02:50 - Source: CNN
Why NASA canceled launch of massive new rocket

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CNN  — 

Officials at NASA are pushing back the next launch attempt for its Artemis I mega moon rocket by four days to September 27, the space agency announced Monday.

The Artemis mission team previously had been targeting September 23. October 2 is a potential backup date that is “under review,” according to NASA.

The space agency is still working through an issue with the rocket, called the Space Launch System or SLS, which sprung a leak as it was being fueled up with super-chilled liquid hydrogen during the last launch attempt at the Kennedy Space Center in Florida on Saturday, September 3. The repair work to the area of the hydrogen leak occurred over the weekend, according to NASA.

The space agency had been working toward testing the system that fuels the liquid hydrogen on September 17, but the date for that cryogenic test is now pushed back to September 21, NASA noted on its Artemis blog.

“The updated dates represent careful consideration of multiple logistical topics, including the additional value of having more time to prepare for the cryogenic demonstration test, and subsequently more time to prepare for the launch. The dates also allow managers to ensure teams have enough rest and to replenish supplies of cryogenic propellants,” NASA shared in the blog post.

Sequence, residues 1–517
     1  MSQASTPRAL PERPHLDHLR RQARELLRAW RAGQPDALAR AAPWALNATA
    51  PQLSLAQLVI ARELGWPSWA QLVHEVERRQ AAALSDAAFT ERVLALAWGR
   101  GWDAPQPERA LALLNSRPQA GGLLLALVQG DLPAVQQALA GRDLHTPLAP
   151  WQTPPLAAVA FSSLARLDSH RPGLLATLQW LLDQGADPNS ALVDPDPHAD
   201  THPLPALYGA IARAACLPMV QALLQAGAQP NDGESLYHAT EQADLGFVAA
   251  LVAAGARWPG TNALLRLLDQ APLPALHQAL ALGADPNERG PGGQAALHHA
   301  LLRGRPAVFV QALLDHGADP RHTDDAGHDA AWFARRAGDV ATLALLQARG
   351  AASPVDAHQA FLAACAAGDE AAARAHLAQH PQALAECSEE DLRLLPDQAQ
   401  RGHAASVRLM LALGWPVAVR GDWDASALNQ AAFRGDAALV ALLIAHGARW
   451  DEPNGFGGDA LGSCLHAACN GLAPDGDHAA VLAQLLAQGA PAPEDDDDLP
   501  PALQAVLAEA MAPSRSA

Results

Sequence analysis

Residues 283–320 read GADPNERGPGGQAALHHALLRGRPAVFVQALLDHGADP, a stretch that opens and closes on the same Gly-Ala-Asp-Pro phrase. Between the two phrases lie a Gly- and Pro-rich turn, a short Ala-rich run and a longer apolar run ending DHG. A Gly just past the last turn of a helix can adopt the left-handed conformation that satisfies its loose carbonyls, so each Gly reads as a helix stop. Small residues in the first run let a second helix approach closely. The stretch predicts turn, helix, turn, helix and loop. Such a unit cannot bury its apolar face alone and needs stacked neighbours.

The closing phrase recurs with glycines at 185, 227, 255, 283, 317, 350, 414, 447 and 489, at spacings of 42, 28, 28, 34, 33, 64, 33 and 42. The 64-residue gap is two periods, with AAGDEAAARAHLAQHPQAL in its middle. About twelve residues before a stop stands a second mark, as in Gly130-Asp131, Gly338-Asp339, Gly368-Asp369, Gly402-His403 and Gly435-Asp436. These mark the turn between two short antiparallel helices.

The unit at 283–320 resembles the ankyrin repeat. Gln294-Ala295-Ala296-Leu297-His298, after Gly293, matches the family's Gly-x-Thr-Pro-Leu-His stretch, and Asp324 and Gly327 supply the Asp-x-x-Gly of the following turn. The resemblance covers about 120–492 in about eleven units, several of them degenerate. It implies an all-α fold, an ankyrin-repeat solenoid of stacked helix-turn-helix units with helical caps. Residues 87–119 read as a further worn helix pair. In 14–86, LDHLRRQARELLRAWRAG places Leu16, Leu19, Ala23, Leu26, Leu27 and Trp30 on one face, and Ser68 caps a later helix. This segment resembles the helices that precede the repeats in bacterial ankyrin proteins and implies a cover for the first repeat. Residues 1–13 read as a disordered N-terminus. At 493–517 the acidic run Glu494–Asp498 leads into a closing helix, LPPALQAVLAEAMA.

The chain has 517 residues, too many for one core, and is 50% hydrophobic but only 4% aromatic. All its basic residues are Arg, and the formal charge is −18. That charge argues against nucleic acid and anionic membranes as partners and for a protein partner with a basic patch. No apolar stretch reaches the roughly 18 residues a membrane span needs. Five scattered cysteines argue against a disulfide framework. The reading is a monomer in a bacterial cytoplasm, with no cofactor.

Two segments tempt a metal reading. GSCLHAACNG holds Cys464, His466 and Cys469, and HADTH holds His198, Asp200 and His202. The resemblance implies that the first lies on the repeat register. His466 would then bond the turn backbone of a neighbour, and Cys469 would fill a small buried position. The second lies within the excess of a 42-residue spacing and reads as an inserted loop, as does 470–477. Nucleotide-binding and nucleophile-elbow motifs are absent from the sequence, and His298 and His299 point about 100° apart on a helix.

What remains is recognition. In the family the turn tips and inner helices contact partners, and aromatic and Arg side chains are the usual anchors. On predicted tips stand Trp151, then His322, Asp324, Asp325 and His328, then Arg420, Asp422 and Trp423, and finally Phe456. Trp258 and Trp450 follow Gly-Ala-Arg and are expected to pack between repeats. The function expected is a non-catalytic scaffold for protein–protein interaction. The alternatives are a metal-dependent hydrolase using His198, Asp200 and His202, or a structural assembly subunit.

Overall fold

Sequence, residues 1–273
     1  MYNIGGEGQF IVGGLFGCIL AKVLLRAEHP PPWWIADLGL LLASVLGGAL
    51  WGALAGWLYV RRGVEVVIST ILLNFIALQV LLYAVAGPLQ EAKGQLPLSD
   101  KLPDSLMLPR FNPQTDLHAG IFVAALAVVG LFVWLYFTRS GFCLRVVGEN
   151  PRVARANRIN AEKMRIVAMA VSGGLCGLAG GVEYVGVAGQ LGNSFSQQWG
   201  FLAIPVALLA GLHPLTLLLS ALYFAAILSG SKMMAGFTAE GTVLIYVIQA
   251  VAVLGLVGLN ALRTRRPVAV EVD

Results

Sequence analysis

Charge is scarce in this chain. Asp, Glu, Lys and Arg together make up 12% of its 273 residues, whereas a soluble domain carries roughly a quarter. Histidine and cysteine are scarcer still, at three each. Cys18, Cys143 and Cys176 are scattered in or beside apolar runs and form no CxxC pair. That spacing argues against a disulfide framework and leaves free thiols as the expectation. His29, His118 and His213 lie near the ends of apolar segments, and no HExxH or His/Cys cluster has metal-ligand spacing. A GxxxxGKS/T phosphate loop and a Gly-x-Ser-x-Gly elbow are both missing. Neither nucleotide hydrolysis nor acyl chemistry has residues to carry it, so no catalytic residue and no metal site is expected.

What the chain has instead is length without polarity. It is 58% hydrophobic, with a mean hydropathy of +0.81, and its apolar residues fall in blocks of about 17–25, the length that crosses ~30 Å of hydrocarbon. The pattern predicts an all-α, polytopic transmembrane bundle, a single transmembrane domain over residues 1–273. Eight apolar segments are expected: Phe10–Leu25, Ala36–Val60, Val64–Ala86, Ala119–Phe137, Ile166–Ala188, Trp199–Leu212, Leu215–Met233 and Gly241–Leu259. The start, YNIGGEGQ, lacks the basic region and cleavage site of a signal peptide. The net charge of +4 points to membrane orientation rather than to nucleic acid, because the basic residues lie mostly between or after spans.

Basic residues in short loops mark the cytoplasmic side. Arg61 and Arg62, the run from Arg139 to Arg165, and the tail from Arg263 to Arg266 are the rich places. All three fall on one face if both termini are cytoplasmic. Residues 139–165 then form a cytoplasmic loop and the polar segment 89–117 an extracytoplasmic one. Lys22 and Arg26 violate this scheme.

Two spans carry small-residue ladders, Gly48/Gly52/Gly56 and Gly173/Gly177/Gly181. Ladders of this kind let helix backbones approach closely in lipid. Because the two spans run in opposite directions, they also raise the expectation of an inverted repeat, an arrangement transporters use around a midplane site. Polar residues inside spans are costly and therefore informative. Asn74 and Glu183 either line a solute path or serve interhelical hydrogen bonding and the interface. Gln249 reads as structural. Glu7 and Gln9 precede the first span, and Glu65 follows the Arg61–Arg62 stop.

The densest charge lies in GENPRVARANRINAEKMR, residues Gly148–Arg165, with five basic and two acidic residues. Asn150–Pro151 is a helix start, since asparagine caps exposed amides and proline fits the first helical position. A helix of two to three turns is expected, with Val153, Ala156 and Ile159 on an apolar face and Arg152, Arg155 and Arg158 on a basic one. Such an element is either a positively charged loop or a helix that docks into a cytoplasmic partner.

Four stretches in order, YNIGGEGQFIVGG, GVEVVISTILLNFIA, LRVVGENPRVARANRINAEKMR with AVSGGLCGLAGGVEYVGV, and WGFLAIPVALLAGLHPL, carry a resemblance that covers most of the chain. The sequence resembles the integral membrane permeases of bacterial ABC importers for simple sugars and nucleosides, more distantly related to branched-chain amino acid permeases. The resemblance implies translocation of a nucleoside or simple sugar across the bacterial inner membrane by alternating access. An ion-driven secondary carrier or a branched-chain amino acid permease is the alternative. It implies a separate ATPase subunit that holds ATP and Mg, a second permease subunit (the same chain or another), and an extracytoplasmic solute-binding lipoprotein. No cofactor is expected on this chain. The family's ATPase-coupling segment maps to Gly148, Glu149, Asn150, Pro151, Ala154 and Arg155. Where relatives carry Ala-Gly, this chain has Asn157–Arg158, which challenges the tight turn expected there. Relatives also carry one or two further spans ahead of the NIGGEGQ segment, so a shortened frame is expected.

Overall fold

NASA's Artemis I rocket sits on the launchpad at Kennedy Space Center on September 3 in Cape Canaveral, Florida.

The test on September 21 will include an engine bleed test, according to the agency. The mission team scrubbed the first Artemis I launch attempt on August 29 largely due to an issue encountered during the engine bleed, which chills the engines for launch, that officials believe was due to a faulty sensor.

The September 27 launch window is 70 minutes long – shorter than the 120-minute window available on September 23.

Officials at NASA said the space agency is continuing to provide information to the Eastern Range, which must grant a waiver to allow the rocket to remain on the launchpad.

READ MORE: The big numbers that make Artemis I a monumental feat

“NASA is continuing to respect the Eastern Range’s process for review of the agency’s request for an extension of the current testing requirement for the flight termination system and is providing additional information and data as needed. In parallel, the agency is continuing preparations for the cryogenic demonstration test and potential launch opportunities, should the request be approved,” the blog stated.

CNN’s Jackie Wattles contributed this story.